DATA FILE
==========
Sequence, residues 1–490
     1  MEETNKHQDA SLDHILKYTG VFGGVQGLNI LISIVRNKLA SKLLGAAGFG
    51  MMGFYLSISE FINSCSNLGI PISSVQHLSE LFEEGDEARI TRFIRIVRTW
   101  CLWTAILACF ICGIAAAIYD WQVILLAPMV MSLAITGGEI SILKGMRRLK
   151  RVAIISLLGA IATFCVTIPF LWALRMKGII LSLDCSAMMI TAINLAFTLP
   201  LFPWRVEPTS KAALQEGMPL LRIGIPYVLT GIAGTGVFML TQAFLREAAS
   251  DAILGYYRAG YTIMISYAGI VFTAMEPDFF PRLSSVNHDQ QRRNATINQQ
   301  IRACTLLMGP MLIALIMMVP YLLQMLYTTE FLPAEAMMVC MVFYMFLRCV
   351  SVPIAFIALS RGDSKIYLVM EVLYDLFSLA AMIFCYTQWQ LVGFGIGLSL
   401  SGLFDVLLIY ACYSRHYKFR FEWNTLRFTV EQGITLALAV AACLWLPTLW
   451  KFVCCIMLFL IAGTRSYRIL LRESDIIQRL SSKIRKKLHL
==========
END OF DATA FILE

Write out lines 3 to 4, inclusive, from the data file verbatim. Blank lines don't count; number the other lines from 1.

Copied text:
    51  MMGFYLSISE FINSCSNLGI PISSVQHLSE LFEEGDEARI TRFIRIVRTW
   101  CLWTAILACF ICGIAAAIYD WQVILLAPMV MSLAITGGEI SILKGMRRLK